Winter housing is under way, but many farmers still have heavy grass covers that need to be nipped off.

Although ground conditions will limit grazing options, farmers are looking to use as much of this grass as possible.

Where ground conditions are holding up and grazing is still possible, outlined are some options to keep cattle at grass to the end of October.

1. Use spring-born weanlings to finish out the season

Make greater use of lighter cattle, such as spring-born weanlings, to finish out the last rotation and limit the risk of poaching.

Cows, finishing cattle and heavier stores should be housed if ground is soft.

Ideally, opt to graze heifer weanlings first. The next group to make use of is weanling steers. Both groups should ideally have animals around the 280kg to 340kg mark.

Male calves destined for finishing as young bulls should not be used to finish out the grazing season in late October.

Grass dry matter will be low and so will feed value. Bull calves destined for finishing will have a higher weight gain on silage and concentrate.

Keeping bull calves at grass to late October or early November will delay finishing date next spring.

2. On-off grazing

Where paddocks surrounding the yard have a good cover of grass, there is always an option for using on-off grazing.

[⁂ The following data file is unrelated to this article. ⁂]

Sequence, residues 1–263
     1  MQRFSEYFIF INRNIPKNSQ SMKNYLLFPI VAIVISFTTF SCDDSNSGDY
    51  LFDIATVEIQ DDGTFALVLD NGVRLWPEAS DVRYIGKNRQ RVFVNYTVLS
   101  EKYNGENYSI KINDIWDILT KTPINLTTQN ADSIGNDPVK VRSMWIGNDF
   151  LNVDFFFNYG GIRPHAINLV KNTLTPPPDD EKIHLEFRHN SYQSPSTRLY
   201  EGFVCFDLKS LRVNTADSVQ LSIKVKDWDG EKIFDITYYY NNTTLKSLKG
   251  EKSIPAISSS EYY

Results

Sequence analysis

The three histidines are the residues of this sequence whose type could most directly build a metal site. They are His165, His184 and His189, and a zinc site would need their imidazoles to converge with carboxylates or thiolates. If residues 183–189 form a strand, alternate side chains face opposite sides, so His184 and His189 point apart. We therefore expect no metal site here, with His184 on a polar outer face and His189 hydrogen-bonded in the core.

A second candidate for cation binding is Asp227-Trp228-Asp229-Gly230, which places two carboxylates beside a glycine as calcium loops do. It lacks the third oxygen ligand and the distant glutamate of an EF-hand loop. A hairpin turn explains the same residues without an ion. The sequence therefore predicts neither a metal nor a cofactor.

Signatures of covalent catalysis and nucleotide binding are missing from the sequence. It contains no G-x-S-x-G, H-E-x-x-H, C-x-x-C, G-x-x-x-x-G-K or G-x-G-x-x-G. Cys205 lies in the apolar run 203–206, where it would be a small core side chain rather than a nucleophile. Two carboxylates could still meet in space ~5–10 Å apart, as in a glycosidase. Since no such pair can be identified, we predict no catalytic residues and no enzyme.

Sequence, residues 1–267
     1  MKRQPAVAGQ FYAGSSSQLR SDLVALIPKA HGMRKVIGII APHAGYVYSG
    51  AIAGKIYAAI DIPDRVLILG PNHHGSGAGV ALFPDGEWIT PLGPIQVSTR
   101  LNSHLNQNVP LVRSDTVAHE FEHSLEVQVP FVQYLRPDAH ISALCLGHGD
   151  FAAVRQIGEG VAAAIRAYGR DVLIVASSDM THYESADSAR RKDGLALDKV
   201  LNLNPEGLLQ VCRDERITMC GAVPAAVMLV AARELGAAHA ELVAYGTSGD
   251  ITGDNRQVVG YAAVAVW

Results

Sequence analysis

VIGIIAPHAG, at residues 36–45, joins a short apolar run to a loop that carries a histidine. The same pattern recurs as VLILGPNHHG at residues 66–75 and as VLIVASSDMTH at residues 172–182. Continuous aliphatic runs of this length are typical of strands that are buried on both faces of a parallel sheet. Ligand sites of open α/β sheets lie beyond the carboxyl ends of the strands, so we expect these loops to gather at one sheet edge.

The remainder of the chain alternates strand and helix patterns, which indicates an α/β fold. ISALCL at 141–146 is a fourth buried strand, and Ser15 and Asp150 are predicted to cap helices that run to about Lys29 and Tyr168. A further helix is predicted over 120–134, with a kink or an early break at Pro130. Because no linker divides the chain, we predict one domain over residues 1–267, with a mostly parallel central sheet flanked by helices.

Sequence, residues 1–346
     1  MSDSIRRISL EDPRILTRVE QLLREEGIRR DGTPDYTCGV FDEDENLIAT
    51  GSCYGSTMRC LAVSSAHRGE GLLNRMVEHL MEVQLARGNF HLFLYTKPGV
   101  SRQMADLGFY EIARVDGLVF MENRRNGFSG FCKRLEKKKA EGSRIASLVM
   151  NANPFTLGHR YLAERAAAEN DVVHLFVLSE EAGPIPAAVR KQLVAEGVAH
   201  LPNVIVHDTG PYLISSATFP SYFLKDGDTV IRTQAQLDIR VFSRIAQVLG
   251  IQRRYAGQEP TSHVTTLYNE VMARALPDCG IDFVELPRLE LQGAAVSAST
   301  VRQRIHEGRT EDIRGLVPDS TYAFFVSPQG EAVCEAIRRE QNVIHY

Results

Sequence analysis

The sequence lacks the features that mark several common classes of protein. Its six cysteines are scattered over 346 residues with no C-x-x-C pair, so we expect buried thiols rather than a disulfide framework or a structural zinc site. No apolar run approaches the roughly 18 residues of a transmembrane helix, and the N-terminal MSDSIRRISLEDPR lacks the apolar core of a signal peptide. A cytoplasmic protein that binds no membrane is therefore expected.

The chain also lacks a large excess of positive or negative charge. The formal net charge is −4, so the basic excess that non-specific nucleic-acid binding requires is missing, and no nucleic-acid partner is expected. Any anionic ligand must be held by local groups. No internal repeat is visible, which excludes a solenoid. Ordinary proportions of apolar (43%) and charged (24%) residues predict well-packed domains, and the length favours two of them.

This means letting hungry calves and weanlings out to grass in the morning and rehousing them in the afternoon.

The first couple of days can test the patience, especially if there is a lack of fencing and laneways for moving stock.

But after a couple of days, calves will be used to moving outside and coming back in to the shed again.

At this point, calves will normally move in and out freely. Offering meals to entice calves to move will make it easier.

3. Maiden or in-calf heifers

If ground conditions permit, the other group of cattle that could be used to finish out the grazing season is maiden or in-calf heifers. Grazing in-calf heifers will help keep them fit.

These groups are likely to be small in number and can be grazed a single group, or split in two, as means of protecting ground.

4. Strip grazing or 24-hour allocations

Time is running out on grazing, so don’t try to graze every paddock tight to the ground. The aim should be to nip off the bulk of the cover in order to reduce dead grass accumulating over winter.

Strip grazing with fresh grass given every day will see cattle moving through covers quickly. Use a back fence if necessary to protect grazed areas.

Alternatively, split paddocks to give a daily grass allocation. Moving animals on to the next grazing will see animals nipping off the bulk of grass covers.

5. Sheep

On farms with sheep, there should be no issue managing heavy covers, as ewes can clean up swards.

But if the farm is a cattle-only enterprise, it may be worth talking to a neighbouring sheep farmer about winter grazing.

This may be a lower risk than purchasing store lambs, which is another alternative. However, it requires a significant outlay of capital from the outset to purchase lambs.

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